Setting up a PHP Server

Demo starter files

In this demo we're going to set up a basic server for running PHP on your computers. Then we'll walk through the process of separating the common elements of each page into separate "include" files.

There are two ways to run a PHP server - natively in macOS, or using a program called MAMP. We will run PHP alone for today, but in the future you may want a more full-featured setup like MAMP.


If you're running windows, skip to the next section. You'll need MAMP, which also has a windows version.

PHP is already installed on all Macs since OS X 10.9 (Mavericks).

We'll need to venture back into Terminal to get it running, but the commands are very simple. We can even make any folder into a document root (www) folder!

Type or copy and paste the following commands exactly as they appear.

  • Open up by searching for it in Spotlight.
  • Type cd, then a single space, but do not hit Enter yet.
  • Now drag your project folder onto the terminal window. This should type the path to the folder on the command line for you. Drag folder into
  • Now hit Enter. This is the command for change directory.
  • Finally, start the PHP engine in this folder by typing php -S localhost:8000 and hit Enter.
    php -S localhost:8000
  • If the folder you're using has an index.html file, you should now be able to visit http://localhost:8000 to view the page.

PHP is now running locally on your computer, through virtual port 8000. Normal HTTP web traffic uses port 80, and we don't want to hijack our regular internet connection while the server is running. Many ports have dedicated uses, so you can't choose any arbitrary number. You are however, safe to use ports 8000, 8080, or 8888... whichever you find easiest to remember.

The PHP server will die when you close the Terminal application, so leave Terminal open while you're working. You may see log messages popping up and this is normal.

When you're finished working, type CTRL+C to kill the PHP server, then quit Terminal.



MAMP is a free software suite that makes setting up a full "AMP stack" on your computer dead easy. MAMP stands for

Apache (our web server)
MySQL (a database engine) and
PHP (our scripting language)

If you're installing MAMP, go ahead and grab a copy from their web site. The download is large, so it may take a little while.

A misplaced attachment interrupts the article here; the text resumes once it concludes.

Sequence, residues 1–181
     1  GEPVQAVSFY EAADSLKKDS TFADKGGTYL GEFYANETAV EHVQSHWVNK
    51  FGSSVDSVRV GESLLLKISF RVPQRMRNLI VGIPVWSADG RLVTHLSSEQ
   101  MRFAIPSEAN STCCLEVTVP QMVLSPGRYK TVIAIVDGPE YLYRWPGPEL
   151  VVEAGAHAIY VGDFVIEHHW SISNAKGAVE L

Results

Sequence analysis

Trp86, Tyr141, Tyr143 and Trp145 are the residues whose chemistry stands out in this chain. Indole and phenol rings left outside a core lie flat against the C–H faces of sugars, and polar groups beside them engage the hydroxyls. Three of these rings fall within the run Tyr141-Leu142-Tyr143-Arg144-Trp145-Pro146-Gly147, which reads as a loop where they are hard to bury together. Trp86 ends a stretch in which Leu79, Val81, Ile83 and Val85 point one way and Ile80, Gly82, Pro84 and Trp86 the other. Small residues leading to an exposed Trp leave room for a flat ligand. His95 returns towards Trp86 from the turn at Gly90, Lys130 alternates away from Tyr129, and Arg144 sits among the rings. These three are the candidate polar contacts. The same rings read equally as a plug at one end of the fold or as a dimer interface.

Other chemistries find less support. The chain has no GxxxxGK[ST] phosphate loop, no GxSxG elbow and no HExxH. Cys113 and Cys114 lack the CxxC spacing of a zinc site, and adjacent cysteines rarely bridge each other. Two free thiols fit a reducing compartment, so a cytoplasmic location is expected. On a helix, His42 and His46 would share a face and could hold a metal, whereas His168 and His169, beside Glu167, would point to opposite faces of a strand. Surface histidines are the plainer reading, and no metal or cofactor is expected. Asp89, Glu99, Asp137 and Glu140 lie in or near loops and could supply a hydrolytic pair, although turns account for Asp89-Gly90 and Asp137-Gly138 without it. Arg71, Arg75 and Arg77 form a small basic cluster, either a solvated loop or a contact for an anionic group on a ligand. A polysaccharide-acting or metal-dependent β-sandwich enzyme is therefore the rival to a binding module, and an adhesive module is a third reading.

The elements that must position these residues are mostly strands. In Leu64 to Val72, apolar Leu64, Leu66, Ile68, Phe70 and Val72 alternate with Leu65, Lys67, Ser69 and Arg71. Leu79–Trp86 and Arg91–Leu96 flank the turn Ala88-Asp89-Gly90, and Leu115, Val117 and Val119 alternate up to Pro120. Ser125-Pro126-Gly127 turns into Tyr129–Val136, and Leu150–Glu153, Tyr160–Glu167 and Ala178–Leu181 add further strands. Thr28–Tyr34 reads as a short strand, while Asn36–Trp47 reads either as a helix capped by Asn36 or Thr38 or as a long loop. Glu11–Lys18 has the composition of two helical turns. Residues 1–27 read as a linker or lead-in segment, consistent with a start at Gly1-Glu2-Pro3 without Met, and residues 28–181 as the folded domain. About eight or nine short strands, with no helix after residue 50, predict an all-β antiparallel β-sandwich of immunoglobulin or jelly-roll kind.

Here's what it looks like after it's installed, when you start it up:

  • By default the document root (www folder) for MAMP is in:
    MacintoshHD > Applications > MAMP > htdocs
    You can change this in MAMP's preferences, or create an alias (shortcut) to the htdocs folder. To create an alias, highlight the folder in Finder and press CMD+L, or CMD+OPT+drag the folder where you want to put the shortcut.
  • To view your web site files in the htdocs folder, open your browser and visit http://localhost:8888. MAMP uses port 8888 by default.

MAMP is completely self-contained and does not alter any of your system settings. To uninstall MAMP, all you have to do is delete the MAMP application folder! The uninstall process should be very similar on Windows.

Viewing Your Project

Starting the PHP server using either of these methods will not turn your computer a publicly visible web server. Everything is still happening offline, safely behind your network's firewall. Don't worry about security, or anyone outside of your network being able to see the files on your computer.

Using either method, you can view your project files by visiting http://localhost:<portnumber>.

Localhost is the builtin shortcut for the loopback address (your own computer), and we're running PHP on a non-standard port to avoid any conflicts with other programs. localhost is also sometimes shown as

Finally... PHP

Converting to PHP

All you need to do is change your file type from .html to .php. I'm not kidding, you now have a (very boring static) PHP script.

You can weave between regular HTML and PHP as many times as you want in the same document. HTML is written as normal, and PHP goes between these tags: <?php and ?>.


With HTML in a browser, pages are downloaded and read line by line for rendering on the page.

When the browser gets to a line that calls for an external file (like a stylesheet, an image, or javascript code) it sends a request and gets that file too. Then it continues on.

In this way an HTML page is read and interpreted as a single stream of data. That's why CSS rules which appear later in the document override earlier ones.

Includes in PHP allow us to link scripts together in the same way. The PHP engine reads a script file, and when it gets to an include, it goes and processes that file before coming back.

To write an include in PHP we use the require_once(); function.

<p>Here's some HTML</p>
<img src="img/rockin_illustration.png">




<p>more HTML.</p>
  • Yup, single line comments in PHP are the same as in javascript.
  • Statements also end with a semicolon just like javascript.
  • Whitespace between the php tags is ignored just like javascript.
  • If you plan to include the same file more than once on the same page, use require(); instead.

The term "include" comes from the include() function in PHP. This function does essentially the same thing, but require() and require_once() handle errors a little better if the file that you're pointing to is missing. You should almost always use require_once().

Have you figured out why this is useful yet? The idea is just like using one style sheet on multiple pages. We can have separate files for modular portions of our HTML, and include them on many pages!

That way, for example, you can make changes to your navigation menu or header in one place, and have all of the pages on your site point to that file.

Let's convert our demo files to PHP, and factor out some common lines of code to include files.